Erika Harold, Former Miss America, Runs for Congress
After voters sent a former "Saturday Night Live" star (Sen. Al Franken), a hit recording artist (former Rep. Sonny Bono) and an astronaut (former Sen. John Glenn) to Congress, a former Miss America Pageant winner wants to try her hand at lawmaking.
Erika Harold, who won the Miss America crown in 2003, passed the first hurdle this week in becoming the Republican candidate to replace Illinois Rep. Tim Johnson, who dropped out of the race two weeks after winning the GOP nomination in March.
The GOP county chairman tapped Harold, a Harvard Law School graduate who now works as a civil litigation attorney in Chicago, as one of four potential candidates to take on the Democratic nominee, physician David Gill, in November's general election.
But while her stint as Miss America nowhere to be found on her law firm bio, Harold said the title will be a plus in her bid for Congress.
"Hopefully, it's a thing that gets someone's attention, but then they will see that I graduated from Harvard Law School…and in a wide variety of ways am qualified to be in Congress," Harold told ABC News.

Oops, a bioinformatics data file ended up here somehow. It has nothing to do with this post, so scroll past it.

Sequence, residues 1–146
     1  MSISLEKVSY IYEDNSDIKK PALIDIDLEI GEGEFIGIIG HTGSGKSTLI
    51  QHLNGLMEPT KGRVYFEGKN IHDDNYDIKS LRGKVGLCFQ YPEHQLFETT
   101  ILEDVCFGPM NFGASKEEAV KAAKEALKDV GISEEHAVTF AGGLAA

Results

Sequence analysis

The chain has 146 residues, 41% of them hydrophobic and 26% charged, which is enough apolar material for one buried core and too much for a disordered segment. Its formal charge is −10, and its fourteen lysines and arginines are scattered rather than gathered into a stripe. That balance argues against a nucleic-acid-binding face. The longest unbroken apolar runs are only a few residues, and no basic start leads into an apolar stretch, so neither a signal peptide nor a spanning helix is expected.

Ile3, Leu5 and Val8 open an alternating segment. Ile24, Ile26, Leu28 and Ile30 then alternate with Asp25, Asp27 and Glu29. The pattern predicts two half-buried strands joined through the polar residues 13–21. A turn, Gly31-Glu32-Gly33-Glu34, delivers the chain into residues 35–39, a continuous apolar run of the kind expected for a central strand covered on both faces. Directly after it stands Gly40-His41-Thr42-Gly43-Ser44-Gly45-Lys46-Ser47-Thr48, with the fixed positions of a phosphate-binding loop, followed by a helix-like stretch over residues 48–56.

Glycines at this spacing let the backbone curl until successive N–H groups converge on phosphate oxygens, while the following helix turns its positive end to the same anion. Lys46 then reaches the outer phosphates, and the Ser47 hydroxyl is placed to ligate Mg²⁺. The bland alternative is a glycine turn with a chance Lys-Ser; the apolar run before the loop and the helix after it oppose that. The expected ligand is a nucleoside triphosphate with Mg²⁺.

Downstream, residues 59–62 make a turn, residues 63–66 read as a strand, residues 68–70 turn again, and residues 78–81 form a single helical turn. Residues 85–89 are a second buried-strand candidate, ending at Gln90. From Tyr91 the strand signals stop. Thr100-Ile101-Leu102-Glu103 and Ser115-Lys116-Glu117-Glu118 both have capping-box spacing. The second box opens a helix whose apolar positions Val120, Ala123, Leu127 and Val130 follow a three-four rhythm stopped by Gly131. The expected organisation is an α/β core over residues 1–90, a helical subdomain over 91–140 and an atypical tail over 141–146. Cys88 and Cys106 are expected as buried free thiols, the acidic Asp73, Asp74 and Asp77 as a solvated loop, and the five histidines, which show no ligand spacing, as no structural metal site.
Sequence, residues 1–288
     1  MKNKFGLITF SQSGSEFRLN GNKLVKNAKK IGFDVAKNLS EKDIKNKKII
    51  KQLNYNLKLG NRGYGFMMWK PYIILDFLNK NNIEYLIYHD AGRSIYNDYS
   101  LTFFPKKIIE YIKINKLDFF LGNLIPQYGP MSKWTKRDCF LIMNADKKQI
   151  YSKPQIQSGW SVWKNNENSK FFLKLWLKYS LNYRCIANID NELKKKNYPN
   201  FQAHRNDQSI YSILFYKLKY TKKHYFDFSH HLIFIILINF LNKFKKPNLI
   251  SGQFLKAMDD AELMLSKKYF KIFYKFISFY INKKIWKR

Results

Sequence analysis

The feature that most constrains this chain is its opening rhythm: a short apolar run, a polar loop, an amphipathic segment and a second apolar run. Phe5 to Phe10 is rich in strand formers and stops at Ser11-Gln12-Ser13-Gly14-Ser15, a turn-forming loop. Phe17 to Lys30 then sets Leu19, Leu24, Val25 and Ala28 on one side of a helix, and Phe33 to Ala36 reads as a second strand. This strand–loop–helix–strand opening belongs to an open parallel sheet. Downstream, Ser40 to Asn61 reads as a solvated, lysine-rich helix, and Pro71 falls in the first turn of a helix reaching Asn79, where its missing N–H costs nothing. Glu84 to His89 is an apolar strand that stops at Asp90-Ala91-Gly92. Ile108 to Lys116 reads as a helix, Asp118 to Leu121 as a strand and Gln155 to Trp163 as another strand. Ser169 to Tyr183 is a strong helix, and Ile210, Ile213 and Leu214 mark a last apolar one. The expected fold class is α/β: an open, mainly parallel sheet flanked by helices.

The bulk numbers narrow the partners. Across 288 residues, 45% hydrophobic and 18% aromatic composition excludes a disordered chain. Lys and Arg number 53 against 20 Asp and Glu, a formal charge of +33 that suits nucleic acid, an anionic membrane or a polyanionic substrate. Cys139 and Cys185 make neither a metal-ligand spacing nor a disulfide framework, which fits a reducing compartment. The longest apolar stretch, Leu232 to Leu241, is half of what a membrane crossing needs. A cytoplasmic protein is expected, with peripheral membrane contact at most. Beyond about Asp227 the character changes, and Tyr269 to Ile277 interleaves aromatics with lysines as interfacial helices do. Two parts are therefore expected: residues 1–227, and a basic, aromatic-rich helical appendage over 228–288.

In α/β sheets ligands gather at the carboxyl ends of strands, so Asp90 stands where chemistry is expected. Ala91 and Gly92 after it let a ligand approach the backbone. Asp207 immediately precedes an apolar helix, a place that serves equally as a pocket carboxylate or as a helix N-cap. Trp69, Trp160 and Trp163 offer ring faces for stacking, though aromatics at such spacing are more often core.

Much like a politician, Harold said during her reign as Miss America she had a heavy travel schedule and was constantly writing and delivering speeches, pushing policy items and trying to drive the debate about, in her case, anti-bullying efforts.
"In many ways it does help prepare you fro the type of life you have as a Member of Congress," she added.
The beauty queen made a stir in the pageant world when, after winning the Miss America crown in 2003, she made sexual abstinence a focal point of her advocacy platform. Pageant officials pressured her to drop the hot-button issue and focus entirely on her anti-bullying efforts, a plea Harold refused to heed.
"My goal was just to talk to young people about making positive choices that would put them in a position to have the healthiest and most successful lifestyle," Harold said. " There was a brief moment of disagreement when we were trying to figure out what I would be able to discuss, but it blew over really quickly."
If elected, Harold said her main focus would be on bringing down the national debt.
"I'll be focusing on making tough choices now," she said.
Harold, 32, faces retiring Rep. Johnson's former chief of staff Jerry Clark, Illinois Rep. John Shimkus' advisor Rodney Davis and the president of a nonprofit organization for special needs children Kathy Wassink in the Republican county chairmen's final round of voting on May 19.